Teased and Squeezed
TEASED AND SQUEEZED: Cheers to the Port of Bellingham—and Port Commissioner Michael McAuley in particular—for opening a portion of the city’s central waterfront to this year’s Independence Day celebration, an inspiring declaration of personal liberty.
More than 500 ’hamsters crept along the hard pier of Whatcom Waterway to watch the city’s annual fireworks display at Zuanich Point Park, many visiting for the first time since the site came into public ownership. They entered from Central Avenue along the Granary Building and moved out beyond the chain link fencing that has kept the old Georgia-Pacific mill site enclosed for more than a decade.
“We are finally getting to the development stage, so it’s a great time to start some modest public access projects,” McAuley said. “We hope folks will enjoy watching the fireworks from this new vantage point.” McAuley thanked Port Executive Director Rob Fix for making the access happen.
Friday, July 19, and the Friday following, Kelli Linville will lead the curious on a remarkable lunchtime tour around the GP Aerated Stabilization Basin (ASB)—a wastewater treatment lagoon designed for industry that’s roughly equal in size to the city’s downtown core. At the far end is a unique view of the Bellingham cityscape seen by very few.
Still later in the month and into August, the port authority will sponsor early evening walking tours of the site, including the 10.8-acre property now being offered to private developers.
McAuley expressed an interest in opening more areas of the site to the public, in particular sections of Cornwall Beach south of downtown.
It’s terrific outreach to re-ignite public interest in the central waterfront; however, the Gristle can’t help but wonder if—now that most officials have surrendered to the years of gaslighting and bullying bait-&-switch—the Port of Bellingham now feels confident enough with everything it wants and can at last release its iron grip around the throat of the hostage. Word trickles out from the Bellingham Planning Commission about deep, private unhappiness with the port’s plan for the central waterfront, yet the planning commission still unanimously approved the plan, frankly provided with little other option. The plan is rife with regulatory certainty for developers, regulatory uncertainty (“flexibility”) for public access and public amenities. So it has gone, at every step, on the final march to Bellingham City Council this fall. The port and city together and long ago foreclosed on any deviation from a 1970s-era development plan crafted by the folks who built Bellevue.
Certainly, nothing is happening in opening the site to limited public access that could not, and should not have happened long ago (it’s public property!).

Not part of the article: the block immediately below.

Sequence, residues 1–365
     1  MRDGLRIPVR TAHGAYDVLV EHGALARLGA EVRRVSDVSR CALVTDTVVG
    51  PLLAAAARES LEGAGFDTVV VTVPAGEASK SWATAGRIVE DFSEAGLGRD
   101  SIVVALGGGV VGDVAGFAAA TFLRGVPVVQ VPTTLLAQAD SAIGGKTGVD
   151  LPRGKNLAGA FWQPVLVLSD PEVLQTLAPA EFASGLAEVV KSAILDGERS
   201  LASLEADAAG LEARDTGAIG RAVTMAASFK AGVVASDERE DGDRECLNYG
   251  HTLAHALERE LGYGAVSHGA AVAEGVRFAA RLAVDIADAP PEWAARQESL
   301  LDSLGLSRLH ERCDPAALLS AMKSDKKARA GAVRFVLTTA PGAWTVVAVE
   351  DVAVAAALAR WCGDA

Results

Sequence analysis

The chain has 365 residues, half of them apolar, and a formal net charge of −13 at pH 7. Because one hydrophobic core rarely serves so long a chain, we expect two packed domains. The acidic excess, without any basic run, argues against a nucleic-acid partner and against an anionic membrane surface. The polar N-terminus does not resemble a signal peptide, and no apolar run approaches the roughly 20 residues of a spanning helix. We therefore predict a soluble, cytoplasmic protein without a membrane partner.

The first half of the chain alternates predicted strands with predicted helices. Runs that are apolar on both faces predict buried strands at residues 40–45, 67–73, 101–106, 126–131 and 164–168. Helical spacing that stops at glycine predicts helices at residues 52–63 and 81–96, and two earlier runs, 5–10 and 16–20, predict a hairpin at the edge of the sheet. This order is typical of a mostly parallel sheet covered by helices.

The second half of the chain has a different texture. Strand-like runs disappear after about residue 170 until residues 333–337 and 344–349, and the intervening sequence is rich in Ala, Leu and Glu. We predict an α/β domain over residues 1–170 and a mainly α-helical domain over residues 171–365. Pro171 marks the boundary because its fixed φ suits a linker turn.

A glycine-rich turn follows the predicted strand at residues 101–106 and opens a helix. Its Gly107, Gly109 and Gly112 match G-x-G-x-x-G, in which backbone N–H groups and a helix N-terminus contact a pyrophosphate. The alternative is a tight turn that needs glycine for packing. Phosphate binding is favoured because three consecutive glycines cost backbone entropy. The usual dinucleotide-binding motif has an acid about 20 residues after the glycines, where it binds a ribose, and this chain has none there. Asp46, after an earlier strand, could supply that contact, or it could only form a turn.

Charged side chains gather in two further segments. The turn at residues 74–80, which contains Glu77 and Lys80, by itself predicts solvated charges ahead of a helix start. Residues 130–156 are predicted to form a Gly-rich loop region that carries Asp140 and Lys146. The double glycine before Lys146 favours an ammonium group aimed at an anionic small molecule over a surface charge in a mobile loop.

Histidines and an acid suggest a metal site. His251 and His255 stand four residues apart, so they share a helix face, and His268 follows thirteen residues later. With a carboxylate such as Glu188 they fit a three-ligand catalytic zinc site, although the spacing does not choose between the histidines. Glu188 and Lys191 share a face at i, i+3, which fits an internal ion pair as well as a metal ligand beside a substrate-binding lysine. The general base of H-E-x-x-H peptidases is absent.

Apocryphal is the story that the 150-foot tall digester building will be the last to come down as placeholder because, first, it provides scale and precedent to the size of buildings permitted in the master plan, a wall of 150- to 200-foot tall structures serving a boutique economy; second, because it blocks a view the agency doesn’t want residents to get too used to seeing. As with the digester, so too perhaps is public access to the site, given on the eve it will be taken.
In 2004, port commissioners packed the 1,500-seat Mount Baker Theatre to deliver a preliminary vision of what could be possible on the central waterfront. A decade later, the planning commission last month approved the master plan to an empty room.
In between were a few moments when oxygen was pumped back into the hostage: When alternative, competitive plans were presented by community activists. When the former mayor challenged baseline port assumptions in public forums. When Labor and environmental movements joined forces and called for a higher, better vision for the site. It’s no accident these brief sparks of enlivened public interest share similar characteristics.
Largely ignored throughout is Lummi Nation’s continued insistence to the U.S. Army Corps of Engineers, still on record, that “Lummi Nation is not satisfied with the cleanup alternatives currently being considered by the Port of Bellingham to address both habitat impacts and contamination associated with the industrial development along portions of Bellingham Bay.” These concerns were expressed in 2006, emphasized again in 2008 and 2009, and again in a letter to the port in 2010, demanding a greater need for environmental cleanup and habitat restoration. Testament to the potency of Lummi Nation, cleanup of the inner waterway has been delayed until tribal concerns are negotiated.
These concerns were expressed in a slightly different form in a letter to the City of Bellingham from the Dept. of Ecology in May, as the state environmental agency worked through the draft Waterfront District Master Plan.
“As the plan does not provide detail on how the future public access areas will be developed[!], it is important that future park plans consider the necessary balance between public access and habitat protection,” Ecology warned, noting that many park areas have also been set aside for habitat restoration, “setting up the potential conflict between protection of shoreline ecological function and public access.” When the two are in conflict, the latter must give way.
Reading between the lines, habitat restoration may nibble only at the “flexible” public access component of the plan, while the “certain” private property component remains assured and guaranteed.
The Bellingham Planning Commission this week will consider changes to the city’s Shoreline Master Plan (SMP) that could exacerbate this squeeze, amending shoreline development standards to allow for increased building heights while decreasing the shoreline buffer, altering both the type and intensity intensity of shoreline uses.
Get involved in your waterfront.
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